One year ago today, I woke up unable to see out of my right eye. I knew something was wrong, but I had no idea it was MS. The first weeks, I got steroid infusions, blood tests, MRIs, and met with various doctors. I learned I may have MS. Over the next year, I went… Continue reading One Year Later
My MS started when I was 40. I had an established career, a comfortable income, savings, and excellent benefits. I was able to quickly and effectively get medical treatment, a diagnosis, and fight MS. If this had happened in my early 20's, when I was broke and uninsured, I would have been screwed. If it had happened in my 30's, when I was self-employed, I don't know how I would have survived. If it had happened even a few years ago, when I was living paycheck to paycheck, digging out of a post-divorce financial hole, and paying for full-time child care, it would have devastated me financially. In my 40's, I was able to fight MS.
I don't like taking medications. It's not that I'm an anti-vaxxer. I believe in science and medicine. I'm up to date on all my vaccines. I get the flu shot. And, I got my COVID vaccine as soon as I was eligible. I always have Advil and Excedrin Migraine on hand, but I rarely take… Continue reading Medication Resistance
I woke up one morning to a steady pounding on the right side of my rib cage, just under my armpit . Thump, thump, thump. Every few seconds. Like a heart beat. It didn't hurt, but it was noticeable. A spasm. Constant. Every few seconds. I tried to feel it with my hand, to tell if my body was actually moving. I had my son put his hand on my side. He felt it.
Last week was the hottest day in Seattle, ever. And, the second and fourth hottest days, ever. Until this year, it had only been 100 degrees or higher three times; last week it was over 100 degrees three days in a row.
The first time I learned I might have MS was when I went to urgent care for my second steroid infusion after losing vision in my right eye and being diagnosed with optic neuritis. The on-call doctor, appearing on a video screen, asked, "You're hear for an MS relapse?" Umm..., "I haven't been diagnosed with MS," I said. I then spent months getting MRI's, a spinal tap, lots of blood work, a chest X-ray, and meeting, over and over again, with a neurologist and MS specialist.
I'm a Pacific Northwest (PNW) girl, born and raised in the suburbs of Seattle. It does not get particularly cold or hot here. Snow is rare and short-lived. We have limited snow plows and deicers, and when it does snow, everything pretty much shuts down. Extreme heat is also rare. In my forty-one years, I've never lived in a house with central air (except when I lived in DC). Lately, our winters have been getting snowier and our summers hotter. I am not a fan.
When I first learned I might have MS, I read about every symptom. I became hyper-aware of every sensation in my body. Yes, I had a neurologist and an MS specialist, who ordered MRIs, blood work, and a lumbar puncture, but I couldn't sit idly by. While waiting for tests and follow-up appointments, I was on a mission to collect as much evidence as possible to determine whether or not I had MS. But, when you are fixated on something, it can be hard to determine if you're noticing real symptoms, or if you're imagining them.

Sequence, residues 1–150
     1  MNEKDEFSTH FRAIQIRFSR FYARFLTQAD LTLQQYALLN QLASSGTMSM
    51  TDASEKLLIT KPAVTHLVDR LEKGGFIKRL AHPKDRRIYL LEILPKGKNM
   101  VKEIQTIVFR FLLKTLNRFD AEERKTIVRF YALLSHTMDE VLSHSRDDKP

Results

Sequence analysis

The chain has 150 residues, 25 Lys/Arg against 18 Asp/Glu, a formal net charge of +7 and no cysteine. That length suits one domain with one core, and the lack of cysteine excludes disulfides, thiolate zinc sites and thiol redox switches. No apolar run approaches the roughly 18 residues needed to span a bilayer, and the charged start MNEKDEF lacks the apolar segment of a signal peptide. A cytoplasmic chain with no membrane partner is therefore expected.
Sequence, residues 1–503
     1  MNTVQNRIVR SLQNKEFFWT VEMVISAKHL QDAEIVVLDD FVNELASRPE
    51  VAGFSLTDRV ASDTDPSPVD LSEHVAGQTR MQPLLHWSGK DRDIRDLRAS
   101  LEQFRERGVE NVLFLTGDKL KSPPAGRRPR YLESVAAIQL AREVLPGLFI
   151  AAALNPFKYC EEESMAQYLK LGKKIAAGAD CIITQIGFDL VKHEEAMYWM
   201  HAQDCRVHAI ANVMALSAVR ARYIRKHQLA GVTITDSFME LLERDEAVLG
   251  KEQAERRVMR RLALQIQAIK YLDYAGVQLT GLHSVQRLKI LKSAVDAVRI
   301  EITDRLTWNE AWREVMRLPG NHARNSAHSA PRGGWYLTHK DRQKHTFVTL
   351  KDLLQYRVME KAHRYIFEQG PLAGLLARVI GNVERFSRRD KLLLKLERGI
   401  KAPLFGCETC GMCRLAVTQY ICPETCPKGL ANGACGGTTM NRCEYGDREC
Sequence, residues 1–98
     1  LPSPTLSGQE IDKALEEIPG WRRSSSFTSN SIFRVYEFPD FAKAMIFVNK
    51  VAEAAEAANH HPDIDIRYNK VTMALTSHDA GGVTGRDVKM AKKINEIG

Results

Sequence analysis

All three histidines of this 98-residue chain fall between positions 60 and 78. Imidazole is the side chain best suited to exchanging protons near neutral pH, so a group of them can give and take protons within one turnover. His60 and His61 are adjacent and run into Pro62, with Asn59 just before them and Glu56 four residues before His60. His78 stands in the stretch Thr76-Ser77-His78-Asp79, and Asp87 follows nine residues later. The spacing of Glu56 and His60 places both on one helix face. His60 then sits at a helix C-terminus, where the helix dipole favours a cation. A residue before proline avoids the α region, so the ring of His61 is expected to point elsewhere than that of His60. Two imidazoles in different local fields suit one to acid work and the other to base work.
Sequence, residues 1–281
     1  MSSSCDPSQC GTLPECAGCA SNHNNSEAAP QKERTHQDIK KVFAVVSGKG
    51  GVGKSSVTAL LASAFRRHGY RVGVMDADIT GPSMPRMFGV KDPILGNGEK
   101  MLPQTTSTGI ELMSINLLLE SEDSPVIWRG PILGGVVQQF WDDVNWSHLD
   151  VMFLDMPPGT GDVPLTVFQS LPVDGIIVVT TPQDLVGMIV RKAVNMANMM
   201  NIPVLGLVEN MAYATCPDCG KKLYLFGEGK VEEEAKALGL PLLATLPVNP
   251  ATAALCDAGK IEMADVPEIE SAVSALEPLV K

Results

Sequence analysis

My first symptom of MS was the sudden loss of vision in my right, on September 25, 2020. We were six months into lock down, working from home, and doing remote school. Life was at a constant level of high alert. The rules were changing every day. News was addictive, and terrifying. Shocking antics from… Continue reading MS Triggers
I've had an on and off love affair with exercise. I've spent months, sometimes years, religiously going to the gym three times a week. And, I've gone a year or longer without stepping inside a gym. I've done yoga daily, and then abandoned it for years. Leading up to my 40th birthday, in 2019, I… Continue reading Exercise & MS
As soon as I knew I might have MS, I wanted to do something. I had to wait for a diagnosis and medication, but what could I do on my own? I read a lot about MS and treatment, and one of the first things I did was research if diet could impact MS. The… Continue reading Is There an MS Diet?
Sept 25, 2020: woke up unable to see out of right eye, eye doctor, urgent care, optic neuritis diagnosis, blood work, start five days of steroid infusions Sept 29, 2020: brain MRI w/ contrast Sept 30, 2020: video visit w/ neurologist, some lesions on brain MRI, possible MS, referred for more tests Oct 2, 2020:… Continue reading My MS Timeline
I was anxious, but excited, to start the injections. I left work around lunchtime for injection training with a nurse. I drove to the doctor's office, parked, checked in, and was called back quickly. She asked if I had the injection with me. Um...no. No one told me to bring them. I guess that seems… Continue reading Injections
In the beginning of my MS journey, I had many sleepless nights. The steroids kept me wide awake, even though I was beyond exhausted. Laying in bed, my mind raced with panic, anxiety, worry, planning, wondering, making lists, and processing everything that was happening. I texted updates to friends and family and chatted with my… Continue reading Starting a Blog
I did not meet diagnostic criteria for an MS diagnosis, but I had optic neuritis, brain lesions, and Oligoclonal bands in my spinal fluid, all of which are consistent with MS. And, everything else had been ruled out. For women my age with optic neuritis and brain lesions, there is a 72% chance of developing… Continue reading Should I Start Treatment?